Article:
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Challenges of a Working Mom

With an increasing number of Moms working outside the home there are multiple challenges of maintaining a biblical balance of roles as wife, mother, and employee. God desires that whatever we do, either by choice or necessity, that we do it all for His glory (1Co 10:31) in every setting, and in each of the varied tasks of a working Mom's day.

Quite often as working Moms we think we are responsible to meet every need our child presents to us. When we find ourselves unable to fulfill this selfimposed expectation we believe we are guilty of poor parenting, resulting in feelings of shame, anxiety, or even depression. In response to these perceived failures we may try and make up for them by indulging our children with too many material goods, or by withholding discipline and minimizing our expectations of them. Unfortunately, neither of these options produces good fruit in our children. Instead we need to prioritize our daily decisions and activities and live with confidence in each role to honor God and do what is best for our families (Dt 6).

Often we feel pulled in a number of different directions and struggle with where to put our time and attention - to the soccer game or to that important business dinner? Thankfully, God has not left us ""hanging"" to decide individually what is most important. He is first, and governs all other relationships. Our horizontal priorities are to spouse, to children, to fellow believers, and to those to whom God has given us ministry within the church and work settings.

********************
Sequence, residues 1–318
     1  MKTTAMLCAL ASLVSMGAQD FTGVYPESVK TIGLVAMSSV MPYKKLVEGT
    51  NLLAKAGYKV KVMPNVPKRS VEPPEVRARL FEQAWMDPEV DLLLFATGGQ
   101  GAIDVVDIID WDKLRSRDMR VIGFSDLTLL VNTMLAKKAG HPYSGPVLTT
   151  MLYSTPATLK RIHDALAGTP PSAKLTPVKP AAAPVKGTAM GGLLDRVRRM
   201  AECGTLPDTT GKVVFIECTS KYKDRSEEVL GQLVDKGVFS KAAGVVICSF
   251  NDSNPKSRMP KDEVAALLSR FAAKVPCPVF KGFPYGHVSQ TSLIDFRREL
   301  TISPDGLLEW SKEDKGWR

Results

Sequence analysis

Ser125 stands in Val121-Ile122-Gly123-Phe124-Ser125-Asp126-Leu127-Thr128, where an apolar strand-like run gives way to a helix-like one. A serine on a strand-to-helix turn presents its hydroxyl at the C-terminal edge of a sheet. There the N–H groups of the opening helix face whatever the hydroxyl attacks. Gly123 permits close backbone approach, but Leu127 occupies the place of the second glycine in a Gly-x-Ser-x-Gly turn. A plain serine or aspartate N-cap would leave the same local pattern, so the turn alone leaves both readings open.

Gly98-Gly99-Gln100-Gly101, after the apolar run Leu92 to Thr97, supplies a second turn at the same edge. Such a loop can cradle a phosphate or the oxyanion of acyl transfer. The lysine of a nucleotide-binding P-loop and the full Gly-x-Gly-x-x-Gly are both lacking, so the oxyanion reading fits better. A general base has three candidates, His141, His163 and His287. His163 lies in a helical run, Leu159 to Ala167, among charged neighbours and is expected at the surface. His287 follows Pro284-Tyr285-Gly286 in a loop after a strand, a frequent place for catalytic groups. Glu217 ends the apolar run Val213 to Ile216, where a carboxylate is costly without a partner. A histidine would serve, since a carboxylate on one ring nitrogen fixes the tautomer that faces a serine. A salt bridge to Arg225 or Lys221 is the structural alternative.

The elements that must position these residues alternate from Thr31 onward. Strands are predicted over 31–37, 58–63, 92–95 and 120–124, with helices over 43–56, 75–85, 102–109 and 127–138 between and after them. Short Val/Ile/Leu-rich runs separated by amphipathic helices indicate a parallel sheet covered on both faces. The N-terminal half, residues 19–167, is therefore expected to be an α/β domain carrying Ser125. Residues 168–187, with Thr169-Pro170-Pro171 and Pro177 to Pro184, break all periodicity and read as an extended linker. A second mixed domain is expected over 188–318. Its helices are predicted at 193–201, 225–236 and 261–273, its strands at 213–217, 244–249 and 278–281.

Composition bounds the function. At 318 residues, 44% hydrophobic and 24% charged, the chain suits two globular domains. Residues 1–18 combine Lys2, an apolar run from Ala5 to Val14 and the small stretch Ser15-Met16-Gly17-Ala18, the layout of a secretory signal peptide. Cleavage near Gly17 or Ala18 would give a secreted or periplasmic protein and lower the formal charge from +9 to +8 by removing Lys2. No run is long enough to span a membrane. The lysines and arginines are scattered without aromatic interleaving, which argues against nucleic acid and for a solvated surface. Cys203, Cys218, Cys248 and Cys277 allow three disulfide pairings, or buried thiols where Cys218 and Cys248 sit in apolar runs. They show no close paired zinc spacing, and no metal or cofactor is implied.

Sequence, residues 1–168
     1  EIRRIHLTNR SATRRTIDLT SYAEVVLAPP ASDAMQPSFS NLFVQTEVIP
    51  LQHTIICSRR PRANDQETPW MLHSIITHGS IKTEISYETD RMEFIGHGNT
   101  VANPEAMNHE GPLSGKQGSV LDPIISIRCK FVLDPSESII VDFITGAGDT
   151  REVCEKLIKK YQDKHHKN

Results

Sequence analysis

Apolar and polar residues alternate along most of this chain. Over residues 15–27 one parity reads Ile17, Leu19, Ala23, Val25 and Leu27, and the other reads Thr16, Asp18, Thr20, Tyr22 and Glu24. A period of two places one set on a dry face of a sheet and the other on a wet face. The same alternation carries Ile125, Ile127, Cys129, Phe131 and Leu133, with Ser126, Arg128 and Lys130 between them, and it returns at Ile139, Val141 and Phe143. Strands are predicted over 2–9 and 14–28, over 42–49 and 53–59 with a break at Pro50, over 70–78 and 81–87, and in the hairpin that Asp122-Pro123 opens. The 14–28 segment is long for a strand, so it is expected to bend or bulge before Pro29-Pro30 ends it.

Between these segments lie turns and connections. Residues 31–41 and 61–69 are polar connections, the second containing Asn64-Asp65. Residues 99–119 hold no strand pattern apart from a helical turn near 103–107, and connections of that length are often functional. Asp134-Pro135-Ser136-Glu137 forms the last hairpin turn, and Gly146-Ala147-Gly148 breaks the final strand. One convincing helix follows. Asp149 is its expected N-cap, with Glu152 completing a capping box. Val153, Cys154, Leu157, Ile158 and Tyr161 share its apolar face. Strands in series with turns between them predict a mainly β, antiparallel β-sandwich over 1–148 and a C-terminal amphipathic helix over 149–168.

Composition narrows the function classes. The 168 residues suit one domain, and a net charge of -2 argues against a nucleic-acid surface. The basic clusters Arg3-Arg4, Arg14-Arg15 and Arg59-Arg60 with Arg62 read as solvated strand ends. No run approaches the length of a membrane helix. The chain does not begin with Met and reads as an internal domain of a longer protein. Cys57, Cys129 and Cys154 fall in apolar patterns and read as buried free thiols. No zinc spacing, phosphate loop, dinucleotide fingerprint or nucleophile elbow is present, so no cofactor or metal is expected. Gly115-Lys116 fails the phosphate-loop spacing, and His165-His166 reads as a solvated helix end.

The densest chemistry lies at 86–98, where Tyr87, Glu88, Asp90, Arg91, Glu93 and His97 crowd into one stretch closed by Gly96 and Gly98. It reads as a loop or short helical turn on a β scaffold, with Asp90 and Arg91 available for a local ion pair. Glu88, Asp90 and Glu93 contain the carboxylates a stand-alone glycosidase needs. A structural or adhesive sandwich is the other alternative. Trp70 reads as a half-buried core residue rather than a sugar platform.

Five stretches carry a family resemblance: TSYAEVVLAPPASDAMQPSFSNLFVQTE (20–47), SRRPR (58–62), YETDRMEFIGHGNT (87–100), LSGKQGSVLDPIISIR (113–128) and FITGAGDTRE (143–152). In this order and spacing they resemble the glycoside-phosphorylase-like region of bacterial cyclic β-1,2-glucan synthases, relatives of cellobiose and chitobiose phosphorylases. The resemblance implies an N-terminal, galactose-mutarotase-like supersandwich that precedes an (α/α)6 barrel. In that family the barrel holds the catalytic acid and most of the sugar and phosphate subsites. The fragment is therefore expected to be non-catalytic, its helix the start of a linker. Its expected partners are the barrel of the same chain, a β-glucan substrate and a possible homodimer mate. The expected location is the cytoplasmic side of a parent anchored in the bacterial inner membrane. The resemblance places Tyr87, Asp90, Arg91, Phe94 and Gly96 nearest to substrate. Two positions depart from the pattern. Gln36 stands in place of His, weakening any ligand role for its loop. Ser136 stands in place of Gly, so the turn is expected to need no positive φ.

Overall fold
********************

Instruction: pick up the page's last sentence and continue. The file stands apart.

As working Moms it is very important to capitalize on the time that we do have with our husband. We must schedule alone times to talk without interruption,and occasionally, put the kids to bed a little earlier and watch a movie (other than a cartoon) together. Carve out regular date times, and short of an emergency, we must not let anyone or anything else steal that time.

With our children we must remember to keep our minds fixed on what we're presently doing with them. Making cookies with your daughter while thinking through an office project results in distraction for you and frustration for your child, and it doesn't get the office job done either! Times like commuting to school provide opportunities to talk to our kids. Leave the radio off and ask them about their day before you get home and distracted. Get them involved with you in making dinner or doing chores in the same room so conversation can still be possible. If they can concentrate, have them do homework at the kitchen table so they can ask you questions and you can stay familiar with what's going on in school. Schedule individual time with each child to give them your personal attention.

And what about the housework you say? Check out www.flylady.net to get numerous and humorous tips on keeping up with your house while on the fly!!